Step 2 is the hard part.

Matt Ginzton writes here.

Airlines Are Getting Worse

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Yeah I know, this is already well known and I’m just piling on and complaining. Still, it’s annoying and worth noting. Airlines keep adding arbitrary fees and reducing service quality. Boo. This is worse for us because now we’re flying with Dominic as a lap infant and the airlines are especially poorly optimized for this, at really every level. You can’t buy tickets the easy way, you can’t check in the easy way, and everything gets harder.

A few recent experiences that sucked:

Southwest: they don’t charge for a lap infant and are generally friendly, which is why we keep flying them. But if you have a lap infant, there’s no way to add him to the reservation, but you do need to get a boarding pass, which can only be done at the full-service checkin line, which is the longest and slowest one. They’ve increasingly incented people to check in online and either skip the front-of-airport counter if not checking luggage, or use the faster “bag drop only” counter if checking luggage, and only people who never travel and don’t realize any of this, or people with unticketed infants, end up in the longest slowest understaffed full-service checkin line that the rest of their policies are actively trying to drive us away from. Then, we need to gate check Dominic’s car seat, which can only be done at the gate counter. So every flight involves visiting both the front checkin counter and the gate checkin counter. This doesn’t waste just our time, but also that of the Southwest employees and everyone behind us in line, and really nobody benefits.

Aer Lingus: on our trip to Ireland, we booked our international travel from the US into Dublin and back from London, and left undecided how and when we’d get from Ireland back to London. We eventually booked an Aer Lingus flight from Waterford to London, which was easy enough (and even let us book a ticket for Dominic with no hassle which was a pleasant surprise), but booking this ticket on also had an unpleasant surprise: they quoted the price in euros right up till the final “buy” button, when they converted it to dollars, at a rate about 8% worse than the going exchange rate. No way to opt out of this. I’d have been happy if they charged me in dollars at the current exchange rate, and I would have been fine if they’d charged me in euros and I paid the credit card company their foreign transaction fee (around 3%), and I would have been fine if they’d charged me in dollars at the current exchange rate and added a 3% currency conversion surcharge. But silently pretending the exchange rate was significantly worse than it is: that’s just shady.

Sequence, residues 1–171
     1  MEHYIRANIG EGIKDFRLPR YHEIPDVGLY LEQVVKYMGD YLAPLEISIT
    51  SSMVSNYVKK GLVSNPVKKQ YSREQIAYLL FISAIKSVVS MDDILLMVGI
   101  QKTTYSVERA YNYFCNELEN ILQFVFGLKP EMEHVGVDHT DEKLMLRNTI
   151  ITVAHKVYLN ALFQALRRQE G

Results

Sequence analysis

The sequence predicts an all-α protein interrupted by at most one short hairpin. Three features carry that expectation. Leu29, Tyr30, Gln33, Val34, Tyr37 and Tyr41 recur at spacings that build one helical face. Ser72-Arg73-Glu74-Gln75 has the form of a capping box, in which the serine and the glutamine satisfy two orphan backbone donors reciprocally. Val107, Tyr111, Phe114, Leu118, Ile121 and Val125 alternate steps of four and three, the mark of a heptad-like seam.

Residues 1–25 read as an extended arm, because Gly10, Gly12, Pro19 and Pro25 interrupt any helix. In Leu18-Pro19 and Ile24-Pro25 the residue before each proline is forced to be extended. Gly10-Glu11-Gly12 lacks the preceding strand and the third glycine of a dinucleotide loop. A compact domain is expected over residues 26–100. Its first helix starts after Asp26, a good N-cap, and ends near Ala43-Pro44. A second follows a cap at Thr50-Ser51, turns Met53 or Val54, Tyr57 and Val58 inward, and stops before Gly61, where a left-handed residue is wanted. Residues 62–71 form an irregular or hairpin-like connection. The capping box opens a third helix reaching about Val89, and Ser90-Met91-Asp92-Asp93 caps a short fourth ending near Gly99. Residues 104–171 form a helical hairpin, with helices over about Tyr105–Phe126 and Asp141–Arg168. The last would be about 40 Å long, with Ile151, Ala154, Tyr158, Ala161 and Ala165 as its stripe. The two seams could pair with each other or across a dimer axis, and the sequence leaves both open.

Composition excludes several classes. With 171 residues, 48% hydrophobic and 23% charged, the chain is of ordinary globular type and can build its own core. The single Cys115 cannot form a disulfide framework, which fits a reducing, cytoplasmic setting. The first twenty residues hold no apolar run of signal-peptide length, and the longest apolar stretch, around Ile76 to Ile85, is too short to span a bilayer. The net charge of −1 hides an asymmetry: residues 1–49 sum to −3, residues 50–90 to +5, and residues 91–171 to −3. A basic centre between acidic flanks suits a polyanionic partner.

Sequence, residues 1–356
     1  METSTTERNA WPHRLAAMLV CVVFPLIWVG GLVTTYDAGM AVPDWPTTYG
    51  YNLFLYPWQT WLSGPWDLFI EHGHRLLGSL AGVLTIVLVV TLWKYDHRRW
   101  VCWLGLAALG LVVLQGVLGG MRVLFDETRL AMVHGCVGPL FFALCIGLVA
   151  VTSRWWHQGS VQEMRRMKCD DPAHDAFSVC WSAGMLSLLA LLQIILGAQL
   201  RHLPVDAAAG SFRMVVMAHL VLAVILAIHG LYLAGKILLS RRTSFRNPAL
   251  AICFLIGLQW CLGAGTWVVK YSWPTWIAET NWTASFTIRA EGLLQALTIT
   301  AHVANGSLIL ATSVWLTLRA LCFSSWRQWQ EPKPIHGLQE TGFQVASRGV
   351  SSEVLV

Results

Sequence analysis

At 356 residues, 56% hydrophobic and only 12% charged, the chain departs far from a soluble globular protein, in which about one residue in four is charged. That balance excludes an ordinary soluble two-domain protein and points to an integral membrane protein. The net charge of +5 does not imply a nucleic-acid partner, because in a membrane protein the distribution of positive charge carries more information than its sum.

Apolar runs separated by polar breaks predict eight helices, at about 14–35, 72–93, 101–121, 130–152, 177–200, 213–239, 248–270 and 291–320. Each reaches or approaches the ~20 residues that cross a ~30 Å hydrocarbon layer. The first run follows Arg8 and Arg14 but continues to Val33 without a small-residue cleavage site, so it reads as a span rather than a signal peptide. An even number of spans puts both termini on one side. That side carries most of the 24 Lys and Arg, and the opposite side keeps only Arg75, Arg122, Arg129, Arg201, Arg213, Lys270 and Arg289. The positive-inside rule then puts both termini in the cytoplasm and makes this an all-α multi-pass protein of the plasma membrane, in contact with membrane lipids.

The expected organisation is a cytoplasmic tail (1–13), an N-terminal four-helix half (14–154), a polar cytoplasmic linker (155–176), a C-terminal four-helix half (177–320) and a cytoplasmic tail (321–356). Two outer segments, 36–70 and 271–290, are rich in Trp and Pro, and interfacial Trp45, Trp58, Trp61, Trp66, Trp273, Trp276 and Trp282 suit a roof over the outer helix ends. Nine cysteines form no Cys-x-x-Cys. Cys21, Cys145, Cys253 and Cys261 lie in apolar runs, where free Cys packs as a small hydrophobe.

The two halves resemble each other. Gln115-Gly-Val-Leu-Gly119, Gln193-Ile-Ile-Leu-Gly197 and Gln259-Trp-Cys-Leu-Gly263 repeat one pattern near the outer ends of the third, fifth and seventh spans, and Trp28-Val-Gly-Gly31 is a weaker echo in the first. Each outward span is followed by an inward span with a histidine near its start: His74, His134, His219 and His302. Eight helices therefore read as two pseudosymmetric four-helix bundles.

United: trying to get to Mexico in December for a friend’s wedding, Kayak quoted us $830 roundtrip for 2 adult tickets on United, and there’s no way to add a lap infant through Kayak. I tried searching for the same flights on United’s website, where we could add a lap infant, and it came to $915, the extra $85 breaking down as $30 for the infant seat (fine) and another $55 in US taxes (not fine, because they’re repeats of taxes already built into our fare, and basically charging the same amount of tax for Dominic as for me and Vanessa put together). I don’t know where the tax money is going or whose fault this is, but it sure doesn’t seem right. So I called United to ask whether I should add Dominic to the reservation up front and pay those taxes or book without him and add him to the reservation after the fact, and they couldn’t answer the tax question but said the website won’t let me book a lap infant and I should definitely book without him then call back to add him. Even though that didn’t seem true, I was hoping the taxes would resolve themselves more sanely that way, so that’s what I did. Imagine my annoyance when I call back to add Dominic to our reservation and am told they will charge me $30 for his ticket, $55 in taxes which they can’t explain but they are what they are, and $25 in reservation fees for not booking online, which they now charge even for transactions which the website can’t do. (And while the website seemed willing to book the lap infant as part of the reservation, both customer service agents I talked to told me they don’t think it works, and that even if it doesn’t work, that isn’t cause to waive the $25 fee.) Fail.

On a less whiny and more humorous note, I’ll leave you with this. C’mon, airlines, we just want to pay a fair price for a fair service, no tricks or traps.